Our “Police State”
January 5, 2015
Make no mistake about it: Our “police state” is showing its colors. Here [link below] are many of those labeled “New York’s Finest,” and even some police not from New York, protesting Mayor de Blasio who was attending and speaking at a funeral of one of the slain policemen in New York City recently.
In my mind, there is nothing very important about the protest in itself, just as there is nothing very important about most protests in our political order. Although not many would agree, I think that protests solidify rather than undermine the prevailing alignment of political forces. They might make the protesters feel good, feel powerful, but what they demonstrate is their relative powerlessness. As someone wrote somewhere, angry blacks protest, even violently at times, while angry whites elect the likes of David Duke, Ronald Reagan, or George Wallace. Who’s got the power? Not the protesters.
And I believe these protests demonstrate the same phenomenon. Many are upset at the police for their behavior but why? What does this protest demonstrate? That a lot of the police don’t like de Blasio? Well, we knew that already. And what is the effect of this protest? The police decide to make fewer arrests, as if that demonstrated their power! Think about it: They demonstrate their power, allegedly, by not using their power. Would that the Freikorp in Germany in the 1920s and 1930s had demonstrated their power this way. This seems to me to be somewhat analogous to those who would “shut down government” as a way of demonstrating their power, only to find out this tactic doesn’t work and that they lose power in the bargain.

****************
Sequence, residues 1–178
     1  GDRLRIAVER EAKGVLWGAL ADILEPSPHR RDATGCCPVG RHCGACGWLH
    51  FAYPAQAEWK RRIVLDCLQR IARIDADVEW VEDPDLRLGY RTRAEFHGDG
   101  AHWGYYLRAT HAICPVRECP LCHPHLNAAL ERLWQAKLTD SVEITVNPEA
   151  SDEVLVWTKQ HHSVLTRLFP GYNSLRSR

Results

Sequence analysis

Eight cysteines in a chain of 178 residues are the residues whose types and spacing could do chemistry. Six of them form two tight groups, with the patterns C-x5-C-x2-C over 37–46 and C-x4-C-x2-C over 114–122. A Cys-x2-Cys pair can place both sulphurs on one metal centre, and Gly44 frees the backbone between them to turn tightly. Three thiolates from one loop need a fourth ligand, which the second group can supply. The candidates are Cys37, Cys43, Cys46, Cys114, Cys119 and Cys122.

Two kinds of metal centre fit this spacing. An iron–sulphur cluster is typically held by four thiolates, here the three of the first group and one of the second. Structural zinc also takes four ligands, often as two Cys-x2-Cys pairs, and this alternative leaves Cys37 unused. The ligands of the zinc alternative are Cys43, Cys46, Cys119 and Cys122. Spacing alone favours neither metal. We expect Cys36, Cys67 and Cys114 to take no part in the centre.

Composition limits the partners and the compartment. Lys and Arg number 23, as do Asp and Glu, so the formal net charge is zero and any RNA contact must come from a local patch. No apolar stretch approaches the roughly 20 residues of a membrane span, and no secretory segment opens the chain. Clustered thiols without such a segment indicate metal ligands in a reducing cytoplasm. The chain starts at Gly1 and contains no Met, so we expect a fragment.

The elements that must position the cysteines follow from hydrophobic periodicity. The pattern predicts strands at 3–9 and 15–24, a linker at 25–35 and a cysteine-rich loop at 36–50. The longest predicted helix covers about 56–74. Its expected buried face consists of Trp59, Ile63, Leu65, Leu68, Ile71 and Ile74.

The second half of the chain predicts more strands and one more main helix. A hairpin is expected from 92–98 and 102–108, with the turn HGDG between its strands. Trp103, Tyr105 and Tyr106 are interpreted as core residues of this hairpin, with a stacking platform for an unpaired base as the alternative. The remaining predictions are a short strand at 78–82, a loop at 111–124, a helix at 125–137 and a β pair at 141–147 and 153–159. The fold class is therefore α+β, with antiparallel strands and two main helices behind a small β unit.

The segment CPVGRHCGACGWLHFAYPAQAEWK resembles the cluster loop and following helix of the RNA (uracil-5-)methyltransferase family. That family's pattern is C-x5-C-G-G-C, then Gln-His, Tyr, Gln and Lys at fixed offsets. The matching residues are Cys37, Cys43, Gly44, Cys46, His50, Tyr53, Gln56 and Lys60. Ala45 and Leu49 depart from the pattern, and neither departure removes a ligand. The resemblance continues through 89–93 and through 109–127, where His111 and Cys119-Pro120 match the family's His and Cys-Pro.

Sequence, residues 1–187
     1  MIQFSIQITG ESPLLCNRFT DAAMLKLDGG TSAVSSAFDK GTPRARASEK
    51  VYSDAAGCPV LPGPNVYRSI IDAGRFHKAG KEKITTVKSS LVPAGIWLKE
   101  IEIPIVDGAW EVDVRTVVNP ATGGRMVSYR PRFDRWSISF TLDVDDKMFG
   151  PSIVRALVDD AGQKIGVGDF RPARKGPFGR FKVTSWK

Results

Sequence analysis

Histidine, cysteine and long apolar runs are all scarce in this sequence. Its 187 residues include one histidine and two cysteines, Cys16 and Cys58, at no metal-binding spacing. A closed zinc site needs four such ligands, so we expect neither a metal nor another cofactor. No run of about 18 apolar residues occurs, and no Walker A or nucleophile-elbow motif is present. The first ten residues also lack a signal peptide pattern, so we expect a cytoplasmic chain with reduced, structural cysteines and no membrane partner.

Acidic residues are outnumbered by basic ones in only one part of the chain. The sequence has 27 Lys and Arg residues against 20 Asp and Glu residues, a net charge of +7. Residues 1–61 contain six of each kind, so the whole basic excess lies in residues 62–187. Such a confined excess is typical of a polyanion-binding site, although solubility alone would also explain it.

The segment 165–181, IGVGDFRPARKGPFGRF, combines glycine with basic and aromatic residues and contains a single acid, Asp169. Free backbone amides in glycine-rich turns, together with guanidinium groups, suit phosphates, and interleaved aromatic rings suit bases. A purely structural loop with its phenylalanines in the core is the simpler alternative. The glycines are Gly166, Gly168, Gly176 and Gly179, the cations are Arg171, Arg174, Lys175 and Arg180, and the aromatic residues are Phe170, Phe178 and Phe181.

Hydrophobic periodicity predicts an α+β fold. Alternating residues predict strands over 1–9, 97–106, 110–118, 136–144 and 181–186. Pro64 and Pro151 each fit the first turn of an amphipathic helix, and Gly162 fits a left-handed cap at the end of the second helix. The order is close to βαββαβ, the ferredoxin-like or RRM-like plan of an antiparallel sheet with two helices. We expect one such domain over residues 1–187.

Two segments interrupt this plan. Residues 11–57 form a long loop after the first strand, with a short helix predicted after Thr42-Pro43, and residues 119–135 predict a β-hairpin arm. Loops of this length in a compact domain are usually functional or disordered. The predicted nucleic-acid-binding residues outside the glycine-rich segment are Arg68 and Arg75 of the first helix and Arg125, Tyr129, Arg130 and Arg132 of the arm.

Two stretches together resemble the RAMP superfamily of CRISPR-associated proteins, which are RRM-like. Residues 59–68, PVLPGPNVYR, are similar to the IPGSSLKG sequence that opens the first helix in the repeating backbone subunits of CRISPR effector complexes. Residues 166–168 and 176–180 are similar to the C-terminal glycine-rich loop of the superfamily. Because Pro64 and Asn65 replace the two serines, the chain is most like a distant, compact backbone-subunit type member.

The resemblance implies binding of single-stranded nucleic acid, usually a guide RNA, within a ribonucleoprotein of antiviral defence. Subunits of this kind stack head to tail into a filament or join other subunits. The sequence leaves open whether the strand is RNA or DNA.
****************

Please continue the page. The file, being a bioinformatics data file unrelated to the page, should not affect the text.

The police think they are protesting de Blasio but, in fact, they are protesting, as all protests do, the prevailing alignment of political forces. As a result, they are demonstrating just how politically powerless they are. They can no more change the basic alignment of forces in New York City by their “show of force” than the American military could change the basic alignment of forces in Vietnam, Iraq, or Afghanistan. To change that alignment requires political action, not military or military-like actions. You would think that, after several wars that seem to change very little, this would be obvious to more people.
So, let the police protest, just as other protesters should be allowed to protest. Neither set of protesters are a threat to the prevailing political situation. Neither is a threat to our “civil” society.